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Volume 77, Issue 1 p. 13-27

New Approaches to the Analysis of Population Trends in Land Birds

First published: 01 January 1996
Citations: 123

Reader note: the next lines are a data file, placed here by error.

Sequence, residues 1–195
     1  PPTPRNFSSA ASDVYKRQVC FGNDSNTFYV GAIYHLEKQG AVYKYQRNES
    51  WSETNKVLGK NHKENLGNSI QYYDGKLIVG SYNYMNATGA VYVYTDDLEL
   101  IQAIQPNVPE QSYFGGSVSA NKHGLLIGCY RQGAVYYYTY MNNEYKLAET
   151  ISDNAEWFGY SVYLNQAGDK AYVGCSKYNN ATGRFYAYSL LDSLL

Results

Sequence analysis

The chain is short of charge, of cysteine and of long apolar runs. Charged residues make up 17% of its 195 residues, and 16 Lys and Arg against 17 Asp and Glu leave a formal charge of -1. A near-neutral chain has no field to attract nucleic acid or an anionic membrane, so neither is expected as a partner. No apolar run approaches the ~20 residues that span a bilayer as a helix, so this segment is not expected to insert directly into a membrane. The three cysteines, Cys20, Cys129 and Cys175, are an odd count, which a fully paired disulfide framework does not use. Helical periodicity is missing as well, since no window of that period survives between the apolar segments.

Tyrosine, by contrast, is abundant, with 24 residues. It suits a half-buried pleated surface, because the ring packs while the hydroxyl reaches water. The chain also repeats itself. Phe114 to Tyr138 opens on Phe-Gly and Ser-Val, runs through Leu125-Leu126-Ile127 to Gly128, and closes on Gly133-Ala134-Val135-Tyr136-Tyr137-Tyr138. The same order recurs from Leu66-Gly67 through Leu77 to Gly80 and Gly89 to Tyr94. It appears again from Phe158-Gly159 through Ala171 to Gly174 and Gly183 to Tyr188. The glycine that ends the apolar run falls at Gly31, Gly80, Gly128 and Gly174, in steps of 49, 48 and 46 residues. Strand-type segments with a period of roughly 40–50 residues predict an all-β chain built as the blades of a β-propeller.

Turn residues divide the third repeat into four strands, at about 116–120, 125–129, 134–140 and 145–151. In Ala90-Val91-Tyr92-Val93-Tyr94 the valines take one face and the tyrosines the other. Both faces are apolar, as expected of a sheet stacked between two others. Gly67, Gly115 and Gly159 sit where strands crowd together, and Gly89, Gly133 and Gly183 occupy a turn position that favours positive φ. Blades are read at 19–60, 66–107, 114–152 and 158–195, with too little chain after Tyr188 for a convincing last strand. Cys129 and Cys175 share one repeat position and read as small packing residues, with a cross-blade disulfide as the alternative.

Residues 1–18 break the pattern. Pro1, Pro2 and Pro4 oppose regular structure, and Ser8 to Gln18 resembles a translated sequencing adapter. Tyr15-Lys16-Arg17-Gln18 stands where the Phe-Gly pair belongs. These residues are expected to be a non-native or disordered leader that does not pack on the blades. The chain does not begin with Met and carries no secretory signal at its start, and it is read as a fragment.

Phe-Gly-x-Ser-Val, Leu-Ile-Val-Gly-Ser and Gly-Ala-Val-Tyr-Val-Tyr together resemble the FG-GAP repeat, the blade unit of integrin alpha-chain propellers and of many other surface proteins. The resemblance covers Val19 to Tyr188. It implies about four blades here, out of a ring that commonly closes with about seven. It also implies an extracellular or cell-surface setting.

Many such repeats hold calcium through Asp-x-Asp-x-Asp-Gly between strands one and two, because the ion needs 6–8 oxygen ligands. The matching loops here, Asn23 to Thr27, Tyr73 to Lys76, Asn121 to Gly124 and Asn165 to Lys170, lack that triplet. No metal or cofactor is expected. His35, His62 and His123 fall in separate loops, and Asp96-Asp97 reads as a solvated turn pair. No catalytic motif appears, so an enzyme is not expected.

Although there is strong evidence that a few Neotropical migrant land birds have severely declining populations, we know of no evidence of general overall declines. One widely cited analysis of data from the Breeding Bird Survey (BBS), the only continental—scale monitoring program for land birds in the breeding season, indicates declining populations in eastern forests in the 1980s, but other analyses conclude that most species have had stable or increasing populations in the last 25 yr. These conflicting results call for a new perspective. Here, we propose two approaches to the analysis of BBS data that emphasize the detection of temporal and geographic variation in population trends. The first approach uses nonlinear regression to detect temporal changes in population trends, and permits the construction of graphs that compare nonlinear trends among regions. The second approach provides statistical tests of multispecies patterns of geographic variation in population trends. We report analyses of BBS data for 1966 to 1992 for the 26 species of wood warblers (Parulinae) for which the most data are available and the chance of obtaining reliable estimates is best. Using pooled data for all 26 species for eastern and central North America, nonlinear regression indicated declining populations in the Appalachian Mountains and the Eastern Foothills in the 1970s, and stability elsewhere. As examples of the use of this first approach in single—species analyses, we give maps, graphs, and statistical tests to illustrate variation in population trends by physiographic strata in the Blue—winged Warbler (Vermivora pinus) and the Ovenbird (Seiurus aurocapillus). As an example of the second approach, we applied a probit—normal model to a matrix of increases and decreases in the 26 species in 37 geographic strata. The analysis identified specific highland areas as having unusually high proportions of declining populations. These results suggest that correlates of elevation should be considered as factors possibly regulating populations of warblers and other land birds. Our perspective is that focus on studies of temporal and geographic variation in population trends of all birds, including Neotropical migrants, could help conservation biologists identify where species and groups of species are in the most trouble.